In September 2019, Cressida Dick, Commissioner of the Metropolitan Police Service in London, gave an interview to the Radio Times magazine. She was asked her opinion of two well-loved TV series written by Jed Mercurio, Line of Duty and Bodyguard. While conceding they were ‘good drama’, she professed herself to be ‘outraged’ at elements of the plotting and moved to switching off altogether. The ‘ludicrous’ portrayals of policing, she claimed, drove her colleagues ‘up the wall’. She also admitted Mercurio had made the police more ‘cool and interesting’ than in fact they were.
Dick’s mixed feelings about those programmes reveal a lot about the challenges of balancing authenticity and entertainment in ‘police procedural’, a sub-genre of crime fiction more popular than ever with the reading and viewing public. The enduring fascination with the work of the police is perfectly understandable: here are characters not only able to investigate criminal acts – accessing places, people and information we as the public cannot – but also with the power to dispense justice.
Approaching the genre as a writer can be daunting: there’s no doubt a degree of verisimilitude is important to hook and hold the reader’s attention. To achieve this, many writers recruit a serving or retired police officer, sometimes several, to act as consultant on the finer points of policing. Some are paid, some are promised speaking parts in the finished work, but many simply do it because they’re keen to share and gracious with their time. Such is my close friend who works as a detective for Greater Manchester Police, and throughout writing my first procedural novel, Hold My Hand, he was on response: sometimes it was a list of queries emailed over, other times a quick phone clarification, and occasionally talking over a more complicated scenario while we ran together in the hills (my tactic in the latter case was to ask a question at the beginning of a long ascent and catch my breath as he, a much stronger runner, laboured to answer on the incline).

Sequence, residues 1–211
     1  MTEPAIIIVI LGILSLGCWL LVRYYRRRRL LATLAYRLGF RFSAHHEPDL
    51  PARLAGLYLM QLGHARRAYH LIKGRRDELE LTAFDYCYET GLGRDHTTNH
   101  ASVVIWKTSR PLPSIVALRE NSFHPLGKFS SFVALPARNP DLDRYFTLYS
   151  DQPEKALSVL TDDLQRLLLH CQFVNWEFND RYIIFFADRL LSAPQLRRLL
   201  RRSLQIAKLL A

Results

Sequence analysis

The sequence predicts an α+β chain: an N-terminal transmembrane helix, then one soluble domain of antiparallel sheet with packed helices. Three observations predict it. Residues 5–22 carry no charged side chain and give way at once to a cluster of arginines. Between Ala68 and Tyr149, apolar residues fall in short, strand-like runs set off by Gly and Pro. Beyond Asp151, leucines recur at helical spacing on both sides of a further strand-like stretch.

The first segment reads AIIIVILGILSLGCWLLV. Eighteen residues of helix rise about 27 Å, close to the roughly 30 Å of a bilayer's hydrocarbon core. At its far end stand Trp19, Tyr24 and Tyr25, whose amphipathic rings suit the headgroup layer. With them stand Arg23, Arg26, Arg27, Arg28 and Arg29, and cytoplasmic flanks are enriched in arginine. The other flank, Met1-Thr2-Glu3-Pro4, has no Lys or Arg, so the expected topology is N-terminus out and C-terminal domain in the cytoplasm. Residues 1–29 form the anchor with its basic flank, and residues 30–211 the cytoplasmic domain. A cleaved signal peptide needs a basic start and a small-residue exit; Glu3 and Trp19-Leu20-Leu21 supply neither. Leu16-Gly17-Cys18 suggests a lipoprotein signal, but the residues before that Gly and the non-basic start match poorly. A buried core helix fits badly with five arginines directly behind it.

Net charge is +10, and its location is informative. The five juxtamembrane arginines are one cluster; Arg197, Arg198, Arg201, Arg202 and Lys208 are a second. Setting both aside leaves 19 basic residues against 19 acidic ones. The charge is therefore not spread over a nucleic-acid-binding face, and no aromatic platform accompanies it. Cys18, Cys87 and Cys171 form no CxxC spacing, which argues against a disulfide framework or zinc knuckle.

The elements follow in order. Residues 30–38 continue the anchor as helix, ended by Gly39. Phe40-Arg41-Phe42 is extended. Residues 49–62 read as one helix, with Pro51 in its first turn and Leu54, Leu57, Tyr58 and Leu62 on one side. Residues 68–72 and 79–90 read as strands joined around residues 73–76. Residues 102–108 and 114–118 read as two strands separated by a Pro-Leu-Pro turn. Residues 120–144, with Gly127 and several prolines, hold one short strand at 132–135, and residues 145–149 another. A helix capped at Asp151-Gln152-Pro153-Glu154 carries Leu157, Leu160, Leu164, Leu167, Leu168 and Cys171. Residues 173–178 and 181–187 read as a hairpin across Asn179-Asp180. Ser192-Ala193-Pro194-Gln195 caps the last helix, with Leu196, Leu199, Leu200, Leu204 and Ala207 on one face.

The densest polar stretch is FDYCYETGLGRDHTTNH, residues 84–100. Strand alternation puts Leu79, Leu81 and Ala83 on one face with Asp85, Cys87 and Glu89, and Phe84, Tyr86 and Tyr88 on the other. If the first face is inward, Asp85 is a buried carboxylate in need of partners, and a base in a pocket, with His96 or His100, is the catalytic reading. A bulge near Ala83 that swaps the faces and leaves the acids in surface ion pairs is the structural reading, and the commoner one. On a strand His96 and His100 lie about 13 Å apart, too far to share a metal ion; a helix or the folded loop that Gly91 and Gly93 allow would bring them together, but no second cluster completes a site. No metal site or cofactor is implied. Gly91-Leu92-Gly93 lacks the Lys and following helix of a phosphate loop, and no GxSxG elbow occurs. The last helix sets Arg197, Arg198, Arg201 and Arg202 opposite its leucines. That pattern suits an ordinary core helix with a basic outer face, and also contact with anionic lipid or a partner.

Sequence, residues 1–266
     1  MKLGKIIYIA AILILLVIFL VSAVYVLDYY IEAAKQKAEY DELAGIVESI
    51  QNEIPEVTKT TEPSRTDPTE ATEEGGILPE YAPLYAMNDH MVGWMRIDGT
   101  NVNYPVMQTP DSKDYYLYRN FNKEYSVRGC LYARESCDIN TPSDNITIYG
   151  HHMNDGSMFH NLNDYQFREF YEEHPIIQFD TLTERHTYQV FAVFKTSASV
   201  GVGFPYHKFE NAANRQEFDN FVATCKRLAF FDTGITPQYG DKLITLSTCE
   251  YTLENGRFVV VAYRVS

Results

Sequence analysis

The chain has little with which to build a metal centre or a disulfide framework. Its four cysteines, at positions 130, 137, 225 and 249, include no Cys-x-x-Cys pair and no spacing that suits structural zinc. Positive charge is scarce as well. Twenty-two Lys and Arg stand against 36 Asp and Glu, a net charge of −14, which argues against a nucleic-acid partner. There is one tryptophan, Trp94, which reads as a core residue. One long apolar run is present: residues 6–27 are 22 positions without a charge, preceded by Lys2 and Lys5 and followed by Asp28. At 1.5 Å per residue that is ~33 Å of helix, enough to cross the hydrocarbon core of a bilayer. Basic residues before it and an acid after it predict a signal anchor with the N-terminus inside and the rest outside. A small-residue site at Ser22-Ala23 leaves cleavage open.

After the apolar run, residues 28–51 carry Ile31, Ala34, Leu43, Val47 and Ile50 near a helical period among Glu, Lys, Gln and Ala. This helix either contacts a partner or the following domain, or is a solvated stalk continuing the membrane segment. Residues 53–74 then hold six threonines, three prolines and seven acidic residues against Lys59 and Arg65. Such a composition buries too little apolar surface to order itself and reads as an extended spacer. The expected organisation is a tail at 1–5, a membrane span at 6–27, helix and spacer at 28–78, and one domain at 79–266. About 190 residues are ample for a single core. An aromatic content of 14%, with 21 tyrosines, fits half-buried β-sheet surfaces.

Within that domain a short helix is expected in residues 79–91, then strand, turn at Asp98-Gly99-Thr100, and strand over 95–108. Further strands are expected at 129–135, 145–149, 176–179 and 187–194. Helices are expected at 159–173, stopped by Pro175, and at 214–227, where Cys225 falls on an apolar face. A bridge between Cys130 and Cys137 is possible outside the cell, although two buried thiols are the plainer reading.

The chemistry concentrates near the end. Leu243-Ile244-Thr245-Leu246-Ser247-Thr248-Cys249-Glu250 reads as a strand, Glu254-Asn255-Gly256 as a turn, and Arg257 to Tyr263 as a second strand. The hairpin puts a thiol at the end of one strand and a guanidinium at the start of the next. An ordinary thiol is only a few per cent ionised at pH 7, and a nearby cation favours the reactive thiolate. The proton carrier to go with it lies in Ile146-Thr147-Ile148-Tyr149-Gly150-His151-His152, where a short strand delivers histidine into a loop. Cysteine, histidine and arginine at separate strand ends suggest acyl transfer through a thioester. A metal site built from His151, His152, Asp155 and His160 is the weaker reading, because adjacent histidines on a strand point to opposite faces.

His answers tended to follow a pattern: first would come a sarcastic short reply implying a great and general incompetence in modern policing; then a more detailed, comprehensive and helpful explanation of procedure; and finally, as a sort of coda, a grumpy rant about police red-tape and office politics. All three levels of information are useful in forming a picture of what policing and police officers are actually like – generally dark-humoured, ultimately hard-working and thorough, but also realistic that their best intentions are stifled by systemic obstacles.
I don’t actually know if my friend has read any of my books (other than to check he was properly acknowledged in the endmatter). The thought of him doing so is faintly embarrassing, because in many cases I’m certain I’ve created a poor representation of real police work, eschewing his advice in the service of the drama, with gross simplifications or even outright contradiction of procedural reality; indeed, readers delight in pointing out the latter.
However, just as policing has plenty of constraints – time, resources, bureaucracy – so does writing. Real life contains drama sparingly; a story must sustain it from the first page to the last. Readers demand an intriguing beginning, a suspenseful middle, and a satisfying end. It’s that middle section where fiction travels farthest from reality. Most true-life murder investigations are solved quickly… or not at all. There isn’t much dramatic meat in the sandwich. A procedural, in which the culprit is typically on the run or unrevealed until the very end – requires a level of convolution (obscure clueing, sub-plots, red herrings, etc) that doesn’t play such a role in the real world. In fiction, the evidence gathering, the mistakes and mishandling, the obstacles and office politics, all delay the reveal of the culprit. And throughout this substantial chunk of the story, the stakes have to rise. Often this means more killings, which in reality is incredibly, and thankfully, rare.
(c) M.J. Ford
Read Part 2 of this article here.
About Watch Over You:
The hunt is on. And this time, it’s personal…DS Josie Masters is called out to a house in North Oxford to investigate a serious incident – an apparent burglary turned violent. But things take a personal turn when she walks through the door and discovers the body is that of her former friend and mentor, Harry Ferman.
He’d lived alone, though possessions found in his spare bedroom indicate that he’s had a lodger staying – a young woman who seems to have fled the scene. Soon, though, further vengeful killings rock Oxford, and evidence mounts that the picture is not as simple as it first appeared.
The girl is on the run, and someone is following her – leaving a stack of bodies in their wake…
‘Superb, gritty and realistic’ MEL SHERRATT, million-copy bestseller
Watch Over you is published 9th Jult 2020. Pre-order your copy online here.